Mildura Weekly : Friday July 4 Vol 8 No 35
Mildura Weekly – 04/07/14 17 www.milduraphonebook.com.au Works under way at W’worth Public School THE Wentworth Public School will receive a new evaporative air conditioner as part of the New South Wales Government’s 2014/15 Budget. Works are scheduled to commence over the next few months, with Member for Mur- ray-Darling John Williams saying the upgrade would greatly improve the learning facilities at the school. “Funding for this project was approved in the recent State Budget, and in 2014/15 the NSW Government will provide $400million in capital works funding to public schools. “This capital works funding will go to- ward 16 new major building projects, the continuation of 21 major building projects and numerous minor capital works projects. “Since 2011 the Liberal and Nationals Government has committed almost $3.2bil- lion to school infrastructure and mainte- nance, including announcing 18 new and relocated schools and 44 major school up- grades.” MORE than 50 Department of Environment and Primary In- dustry (DEPI) and Parks Victo- ria firefighters and emergency management team members from the Mallee have been rec- ognised for their extraordinary service during the severe 2009 Victorian bushfires. During a special ceremony at Mildura’s Quality Grand Ho- tel late last month, DEPI Act- ing Chief Fire Officer, Darrin McKenzie, and DEPI Loddon Mallee Regional Director, Gra- ham Phelps, presented a raft of National Emergency Medals to proud departmental staff, RIGHT. Also present at the ceremony was Member for Mildura Peter Crisp who said: “I congratulate and thank award winners for their outstanding service during the 2009 Victorian bushfires, one of Victoria’s worst natural disasters. “These medals highlight the Victorian community’s grati- tude to firefighters and the work they do under trying conditions. “The Government greatly values the vital work performed by DEPI and supporting agen- cies and has a strong commit- ment to providing the resources and support needed to do their job. “Since coming to office in 2010, the Coalition Government has provided DEPI with around $360million to deliver its land and fire management program,” Mr Crisp said. Medals for firefighters Helping hand for dog group • From Page 14 His philosophy is simple. “If everyone gives a little, the community gains a lot,” he says. His pet food donation represents about a year’s supply of dog food for Rural Rescues. A significant boost for the group’s resources. Anthony encouraged the wider community to support Rural Rescues, saying the dedicated group “does a great job.” All donations of $2 or more are to Rural Rescues are tax deductible, and any donations of pet food, and pet care goods, will be grate- fully accepted. “Any donations of items that we can raffle to raise money for the group would also be welcome,” Bev said. ‘Help us to help make a difference’ is the group’s simple message, Bev added. For more information please contact Bev Cameron 0400 508 397, or via email at cam- firstname.lastname@example.org, or Kaye Grivec on 0419 545 106. FOOTNOTE: It is interesting that the phrase ‘It’s a dog’s life’ seems to have taken on a very different meaning in recent times and its use seems related to age. Those over 50 pre- dominantly use the phrase to suggest the need to accept the existential fact that things are hard; but in the under-50s, the idea is that dogs have it easy, and so ‘it’s a dog’s life’ equates to a cushy existence! It certainly seems that the phrase has become more ambiguous than it once was. Most of our expressions that include dog are old enough to be based in times when dogs were not cosseted, but were kept as watch- dogs or hunting animals, not as pets. They of- ten weren’t allowed in the house, but were kept in kennels, fed scraps, worked hard, and often died young. So going to the dogs, dog tired, to die like a dog, dog’s dinner, dogsbody, dog eat dog, and a dog’s life all refer to a state of affairs best avoided. Specifically, a dog’s life is first re- corded in the sixteenth century and seems to have remained in the language with the sense of “a life of misery, or of miserable subservi- ency” ever since. Advertisement Aged care should be decided by the person who knows you best – you. That’s why aged care changes from 1 July 2014 give you more choice, more control and more of the services you might need to help you stay independent. New financing arrangements also start. So if you’re getting older and need help, or if you’re caring for someone who does, call My Aged Care or visit the website to find out what you need to know to start planning and talking about aged care with your family and loved ones. Because the sooner we all start talking about aged care and planning it, the better the outcome for you and your family. For personalised assistance, talk to a real person on 18 00 200 422* or visit myagedcare.gov.au *1800 calls are free from land lines; calls from mobile phones may be charged. Let’s talk about changes to aged care. You can with a bit of help from My Aged Care AsIget older I want to have choice and control DSS/E/M/194 Authorised by the Australian Government, Capital Hill, Canberra.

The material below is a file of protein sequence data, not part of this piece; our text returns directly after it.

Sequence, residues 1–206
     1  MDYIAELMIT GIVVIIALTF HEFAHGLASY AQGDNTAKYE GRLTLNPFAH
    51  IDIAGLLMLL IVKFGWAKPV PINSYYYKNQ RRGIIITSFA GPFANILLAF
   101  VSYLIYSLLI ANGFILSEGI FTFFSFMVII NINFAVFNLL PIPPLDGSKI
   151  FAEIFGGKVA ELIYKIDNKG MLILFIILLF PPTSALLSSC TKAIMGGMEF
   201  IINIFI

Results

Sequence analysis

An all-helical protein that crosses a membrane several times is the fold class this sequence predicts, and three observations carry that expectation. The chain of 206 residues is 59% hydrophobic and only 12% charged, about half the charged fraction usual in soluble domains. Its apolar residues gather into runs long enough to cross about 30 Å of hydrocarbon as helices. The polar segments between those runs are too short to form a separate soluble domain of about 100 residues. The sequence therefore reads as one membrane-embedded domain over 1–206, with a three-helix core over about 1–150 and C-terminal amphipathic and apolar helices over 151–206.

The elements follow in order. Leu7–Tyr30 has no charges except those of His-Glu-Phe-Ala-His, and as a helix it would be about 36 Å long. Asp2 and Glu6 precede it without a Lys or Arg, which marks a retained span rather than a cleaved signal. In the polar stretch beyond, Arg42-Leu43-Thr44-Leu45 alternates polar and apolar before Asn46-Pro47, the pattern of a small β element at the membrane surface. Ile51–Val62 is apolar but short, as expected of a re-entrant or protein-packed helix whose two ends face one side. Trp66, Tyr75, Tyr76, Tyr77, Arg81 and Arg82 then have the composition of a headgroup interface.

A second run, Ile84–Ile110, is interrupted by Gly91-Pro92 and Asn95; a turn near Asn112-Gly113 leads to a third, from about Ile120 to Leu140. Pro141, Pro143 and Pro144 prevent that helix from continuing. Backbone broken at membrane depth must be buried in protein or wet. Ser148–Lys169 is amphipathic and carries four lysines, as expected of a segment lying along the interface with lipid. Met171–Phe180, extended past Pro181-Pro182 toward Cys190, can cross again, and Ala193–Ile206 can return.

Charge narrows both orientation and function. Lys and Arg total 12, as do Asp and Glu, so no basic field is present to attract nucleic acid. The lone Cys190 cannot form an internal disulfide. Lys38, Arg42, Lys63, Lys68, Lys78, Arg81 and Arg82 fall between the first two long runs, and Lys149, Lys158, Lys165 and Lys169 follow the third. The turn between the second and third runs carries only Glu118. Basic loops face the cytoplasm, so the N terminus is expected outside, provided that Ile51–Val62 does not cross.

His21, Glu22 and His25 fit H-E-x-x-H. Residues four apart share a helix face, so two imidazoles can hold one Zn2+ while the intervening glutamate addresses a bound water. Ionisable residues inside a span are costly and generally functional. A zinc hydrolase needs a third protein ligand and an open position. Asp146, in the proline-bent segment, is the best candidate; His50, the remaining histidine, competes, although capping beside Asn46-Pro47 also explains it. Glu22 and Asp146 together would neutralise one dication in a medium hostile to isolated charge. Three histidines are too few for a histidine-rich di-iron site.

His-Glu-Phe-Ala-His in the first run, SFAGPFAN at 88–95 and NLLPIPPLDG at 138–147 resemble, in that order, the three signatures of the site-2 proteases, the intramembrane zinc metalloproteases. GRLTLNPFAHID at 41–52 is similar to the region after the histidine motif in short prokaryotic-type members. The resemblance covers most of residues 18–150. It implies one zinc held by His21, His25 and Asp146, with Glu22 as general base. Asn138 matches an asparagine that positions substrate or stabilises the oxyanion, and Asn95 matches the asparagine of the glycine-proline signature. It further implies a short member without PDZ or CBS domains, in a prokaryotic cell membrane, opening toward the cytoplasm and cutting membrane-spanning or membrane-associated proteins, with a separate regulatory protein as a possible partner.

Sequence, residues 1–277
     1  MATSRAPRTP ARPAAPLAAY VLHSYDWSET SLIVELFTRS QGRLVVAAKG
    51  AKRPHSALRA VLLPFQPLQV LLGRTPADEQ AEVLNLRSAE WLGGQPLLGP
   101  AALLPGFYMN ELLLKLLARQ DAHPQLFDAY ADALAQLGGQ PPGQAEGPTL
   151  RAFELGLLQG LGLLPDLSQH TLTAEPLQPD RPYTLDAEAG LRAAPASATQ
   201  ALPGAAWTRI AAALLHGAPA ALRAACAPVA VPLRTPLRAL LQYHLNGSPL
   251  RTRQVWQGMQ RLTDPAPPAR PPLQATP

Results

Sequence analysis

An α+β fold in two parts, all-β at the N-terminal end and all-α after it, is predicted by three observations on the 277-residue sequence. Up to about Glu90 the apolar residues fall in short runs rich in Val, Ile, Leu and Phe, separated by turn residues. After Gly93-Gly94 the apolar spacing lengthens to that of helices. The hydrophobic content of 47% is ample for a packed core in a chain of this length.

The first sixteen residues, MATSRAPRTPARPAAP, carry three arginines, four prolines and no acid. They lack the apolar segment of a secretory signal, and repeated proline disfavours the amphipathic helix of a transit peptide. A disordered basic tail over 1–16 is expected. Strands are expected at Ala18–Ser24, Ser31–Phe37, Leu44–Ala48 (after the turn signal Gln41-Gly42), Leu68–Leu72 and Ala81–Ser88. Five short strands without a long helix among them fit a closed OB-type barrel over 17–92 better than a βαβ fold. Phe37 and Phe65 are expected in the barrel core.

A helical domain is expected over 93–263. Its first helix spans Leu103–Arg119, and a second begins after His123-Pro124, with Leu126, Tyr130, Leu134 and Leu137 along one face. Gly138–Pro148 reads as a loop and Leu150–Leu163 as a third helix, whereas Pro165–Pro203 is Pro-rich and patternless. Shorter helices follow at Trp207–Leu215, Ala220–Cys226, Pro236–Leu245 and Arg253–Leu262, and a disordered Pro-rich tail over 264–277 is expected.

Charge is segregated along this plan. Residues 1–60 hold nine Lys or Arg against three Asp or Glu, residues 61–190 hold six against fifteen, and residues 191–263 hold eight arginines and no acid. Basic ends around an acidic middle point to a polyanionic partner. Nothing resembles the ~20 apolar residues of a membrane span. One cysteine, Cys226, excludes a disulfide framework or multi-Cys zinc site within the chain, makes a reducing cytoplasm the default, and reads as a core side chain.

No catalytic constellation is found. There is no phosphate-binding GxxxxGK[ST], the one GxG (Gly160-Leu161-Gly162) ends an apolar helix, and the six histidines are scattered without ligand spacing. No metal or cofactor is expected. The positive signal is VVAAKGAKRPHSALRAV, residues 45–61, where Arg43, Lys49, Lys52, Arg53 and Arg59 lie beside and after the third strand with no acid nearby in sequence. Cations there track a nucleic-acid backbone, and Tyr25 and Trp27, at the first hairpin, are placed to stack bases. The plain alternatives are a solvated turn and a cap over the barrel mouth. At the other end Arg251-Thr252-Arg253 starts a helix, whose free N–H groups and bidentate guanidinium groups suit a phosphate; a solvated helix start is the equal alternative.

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Friday July 11 Vol 8 No 36